You know, I think if Crazy Eddie
were locked in a room long enough, you guys might find a cure for the common cold. Or go all Thunderdome and try to kill each other.
In all seriousness, I've really been enjoying the thoughts coming out of your discourse, and like I assume others following this thread, haven't had a ton to add because you've both had very well thought out, well expanded arguments.
That said, I'll reiterate my belief that there was something significantly special about the 1701 refit, which may or may not have included other ships that shared that tech look, which set it apart.
For whatever reason, this refit was more extensive than what was required to allow the Miranda
to remain in service another hundred years, even assuming the 1701 level tech was only around 25 years old or so at the time of her big refit.
It could be that the leaps made in the 23rd century were faster and more exponential than those made in the movie period, or it could simply be that the 1701 refit was an experiment in refitting that ultimately proved inefficient or overly expensive. Thus, older tech performing at a lesser rate was deemed acceptable for Excelsior
. (Indeed, this casts the Lakota
refit in a whole new light.) Or it could be that the members of the Miranda
class (or at least some members of the class) were built in the form we saw her, and somehow bypassed problems related to Constitution
And what about Oberth
? Most of the registries we see on them in the 24th century are higher, as is the case with many Miranda
s and Excelsior
s. Unless Starfleet is in the habit of issuing refit ships higher registry numbers (which I suppose is
possible) I think this supports the notion of later ship batches built with newer tech already incorporated, possibly negating the need for refits.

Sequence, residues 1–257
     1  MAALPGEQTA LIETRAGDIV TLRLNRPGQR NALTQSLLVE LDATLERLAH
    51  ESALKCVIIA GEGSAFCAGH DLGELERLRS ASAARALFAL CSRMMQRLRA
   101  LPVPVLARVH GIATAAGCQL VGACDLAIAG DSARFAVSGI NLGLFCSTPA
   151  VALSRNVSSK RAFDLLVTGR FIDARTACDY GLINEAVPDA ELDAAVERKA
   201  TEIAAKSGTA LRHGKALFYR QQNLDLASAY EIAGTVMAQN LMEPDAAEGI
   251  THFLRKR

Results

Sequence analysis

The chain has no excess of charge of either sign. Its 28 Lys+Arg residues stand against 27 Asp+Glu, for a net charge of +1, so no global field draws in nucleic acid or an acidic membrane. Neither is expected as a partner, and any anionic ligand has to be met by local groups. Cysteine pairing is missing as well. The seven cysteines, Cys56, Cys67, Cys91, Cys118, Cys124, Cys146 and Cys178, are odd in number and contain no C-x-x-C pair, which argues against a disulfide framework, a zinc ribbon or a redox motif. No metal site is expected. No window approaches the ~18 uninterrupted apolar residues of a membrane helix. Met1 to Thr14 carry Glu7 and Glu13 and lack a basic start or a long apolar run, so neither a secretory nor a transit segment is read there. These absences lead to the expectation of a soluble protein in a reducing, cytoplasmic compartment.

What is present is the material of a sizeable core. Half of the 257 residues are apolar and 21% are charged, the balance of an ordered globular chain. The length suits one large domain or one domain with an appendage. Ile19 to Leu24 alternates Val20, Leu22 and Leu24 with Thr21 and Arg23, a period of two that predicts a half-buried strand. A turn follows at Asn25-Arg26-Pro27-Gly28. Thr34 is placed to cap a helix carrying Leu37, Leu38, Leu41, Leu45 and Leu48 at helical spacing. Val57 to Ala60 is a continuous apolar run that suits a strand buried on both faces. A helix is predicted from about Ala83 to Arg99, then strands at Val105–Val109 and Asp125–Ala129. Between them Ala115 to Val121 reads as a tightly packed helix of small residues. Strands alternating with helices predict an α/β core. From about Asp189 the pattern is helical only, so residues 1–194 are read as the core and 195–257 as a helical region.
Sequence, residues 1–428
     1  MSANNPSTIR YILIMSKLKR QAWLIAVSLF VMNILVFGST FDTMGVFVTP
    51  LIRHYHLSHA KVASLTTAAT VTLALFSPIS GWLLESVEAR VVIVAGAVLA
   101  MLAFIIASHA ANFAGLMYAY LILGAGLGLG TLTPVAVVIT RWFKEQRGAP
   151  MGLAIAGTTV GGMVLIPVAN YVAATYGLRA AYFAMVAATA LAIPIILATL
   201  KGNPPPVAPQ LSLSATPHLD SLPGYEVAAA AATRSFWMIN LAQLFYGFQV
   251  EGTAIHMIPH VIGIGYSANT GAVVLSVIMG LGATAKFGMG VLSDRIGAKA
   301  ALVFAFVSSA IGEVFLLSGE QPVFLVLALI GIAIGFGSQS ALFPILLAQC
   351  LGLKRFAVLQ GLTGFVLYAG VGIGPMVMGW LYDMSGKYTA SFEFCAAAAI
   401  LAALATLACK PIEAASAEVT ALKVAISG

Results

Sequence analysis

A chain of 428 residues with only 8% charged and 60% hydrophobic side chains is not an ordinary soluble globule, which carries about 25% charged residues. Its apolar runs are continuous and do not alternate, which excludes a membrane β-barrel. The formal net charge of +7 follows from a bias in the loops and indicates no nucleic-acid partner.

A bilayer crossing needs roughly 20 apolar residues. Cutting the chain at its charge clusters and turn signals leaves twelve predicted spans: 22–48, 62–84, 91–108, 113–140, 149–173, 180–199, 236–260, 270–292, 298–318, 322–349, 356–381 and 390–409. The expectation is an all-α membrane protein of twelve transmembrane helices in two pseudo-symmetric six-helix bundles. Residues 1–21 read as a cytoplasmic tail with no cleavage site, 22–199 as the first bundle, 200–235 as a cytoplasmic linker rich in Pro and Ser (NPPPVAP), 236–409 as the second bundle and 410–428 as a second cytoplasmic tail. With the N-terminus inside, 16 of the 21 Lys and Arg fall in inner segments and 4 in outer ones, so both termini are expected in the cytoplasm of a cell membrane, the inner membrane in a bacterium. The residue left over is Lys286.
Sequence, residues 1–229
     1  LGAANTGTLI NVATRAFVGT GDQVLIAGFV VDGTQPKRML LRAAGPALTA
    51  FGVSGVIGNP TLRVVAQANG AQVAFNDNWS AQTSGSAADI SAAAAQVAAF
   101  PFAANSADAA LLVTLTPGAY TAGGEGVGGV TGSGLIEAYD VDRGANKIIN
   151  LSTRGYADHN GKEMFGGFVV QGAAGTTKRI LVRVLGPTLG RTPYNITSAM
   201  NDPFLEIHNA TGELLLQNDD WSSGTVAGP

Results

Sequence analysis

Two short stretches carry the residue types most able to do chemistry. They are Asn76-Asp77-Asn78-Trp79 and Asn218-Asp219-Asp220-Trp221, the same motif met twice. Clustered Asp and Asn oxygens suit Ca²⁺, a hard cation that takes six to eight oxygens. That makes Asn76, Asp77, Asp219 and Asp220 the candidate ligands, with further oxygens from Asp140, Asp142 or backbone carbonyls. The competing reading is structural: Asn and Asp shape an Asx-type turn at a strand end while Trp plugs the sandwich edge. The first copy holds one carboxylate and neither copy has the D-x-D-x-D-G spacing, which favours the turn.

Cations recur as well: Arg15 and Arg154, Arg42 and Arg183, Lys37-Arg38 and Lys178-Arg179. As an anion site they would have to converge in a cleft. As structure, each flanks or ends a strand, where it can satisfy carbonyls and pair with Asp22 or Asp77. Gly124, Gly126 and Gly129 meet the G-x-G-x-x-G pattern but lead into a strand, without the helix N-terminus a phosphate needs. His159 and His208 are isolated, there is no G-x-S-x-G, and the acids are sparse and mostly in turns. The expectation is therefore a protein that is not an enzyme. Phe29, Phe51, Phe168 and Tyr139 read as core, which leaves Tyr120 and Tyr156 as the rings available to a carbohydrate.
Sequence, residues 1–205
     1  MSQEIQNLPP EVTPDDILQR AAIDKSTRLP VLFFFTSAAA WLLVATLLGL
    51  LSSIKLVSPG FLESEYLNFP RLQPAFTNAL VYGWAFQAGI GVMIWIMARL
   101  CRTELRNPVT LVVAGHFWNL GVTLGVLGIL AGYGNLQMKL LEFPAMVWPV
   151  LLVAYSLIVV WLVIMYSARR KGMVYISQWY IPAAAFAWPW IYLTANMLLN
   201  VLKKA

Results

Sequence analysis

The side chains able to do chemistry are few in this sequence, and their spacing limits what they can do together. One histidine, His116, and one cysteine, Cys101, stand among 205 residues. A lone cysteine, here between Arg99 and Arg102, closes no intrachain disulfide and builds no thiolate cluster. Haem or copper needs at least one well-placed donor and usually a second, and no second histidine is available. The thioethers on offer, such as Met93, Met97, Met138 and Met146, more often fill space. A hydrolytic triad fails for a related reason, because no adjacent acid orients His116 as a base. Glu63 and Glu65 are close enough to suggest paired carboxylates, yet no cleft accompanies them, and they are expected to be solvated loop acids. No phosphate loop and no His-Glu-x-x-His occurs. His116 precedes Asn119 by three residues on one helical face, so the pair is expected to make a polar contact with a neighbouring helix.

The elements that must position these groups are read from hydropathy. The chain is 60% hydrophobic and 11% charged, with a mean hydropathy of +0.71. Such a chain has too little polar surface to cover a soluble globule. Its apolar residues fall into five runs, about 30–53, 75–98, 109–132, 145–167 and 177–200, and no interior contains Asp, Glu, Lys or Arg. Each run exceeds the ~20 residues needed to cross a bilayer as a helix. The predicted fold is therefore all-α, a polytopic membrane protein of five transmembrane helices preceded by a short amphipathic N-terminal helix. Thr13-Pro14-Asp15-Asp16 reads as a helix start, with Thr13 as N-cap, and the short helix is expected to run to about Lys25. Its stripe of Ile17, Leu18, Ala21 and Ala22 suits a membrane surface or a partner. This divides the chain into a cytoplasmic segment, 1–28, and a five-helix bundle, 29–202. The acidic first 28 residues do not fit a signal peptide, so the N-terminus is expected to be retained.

I think, also, there is certainly some element of economy and treaty requirements that played into the Constitution
class's apparenty wholesale retirement. Coupled with any or all of the other factors that have been identified, I think it makes a great degree of sense. It's not just one thing; it's a combination of them.
Personally, I'll go with this:
- 2240 - Constitution (Class I Starship) designed; Gen 2 tech
- 2265 - Wholesale fleetwide refit planned for previous generation (2240) era ships to Gen 2.5 specs
- 2265 - Miranda class designed to incorporate new advances for potential application to Consitution and Surya refits; new members of Miranda class are the first ships launched with Gen 2.5 tech
- 2270 - Starfleet begins an experiment to refit the Enterprise with Gen 2.5 tech
- 2275 - Starfleet develops faster refit methods for Constitution and Surya classes to Gen 2.5 specs
- 2280 - Excelsior construction underway with Gen 3 tech, to replace Constitution
- 2290 - Gen 3 tech considered proven, adaptations to Gen 2.5 ships prove vestigial and mixed
- 2293 - Khitomer treaty limits personnel and vessels, prompting Starfleet to invest in Excelsiors and phase out Constitutions; the versatility and sheer numbers of Miranda, and a desire to commit new resources to replacing the Constitutions with Excelsiors, ensure the Mirandas' continued service
- 2325 - Gen 4 tech (Ambassador family) begins construction
- 2350 - Gen 5 tech (Galaxy family) begins construction
Something like that.
In addition, I think part of the picture should also include the notion that the Ambassador
probably didn't start as a heavy cruiser, even if it was referred to as such in "Conspiracy." I've always had the feeling that Excelsior
was more of a diagonal jump than a directly upward one, but Ambassador
was a more direct successional transition. Sort of like how some old-style aircraft carriers (Excelsior
) became a different type of carrier alongside their replacements (Ambassador.)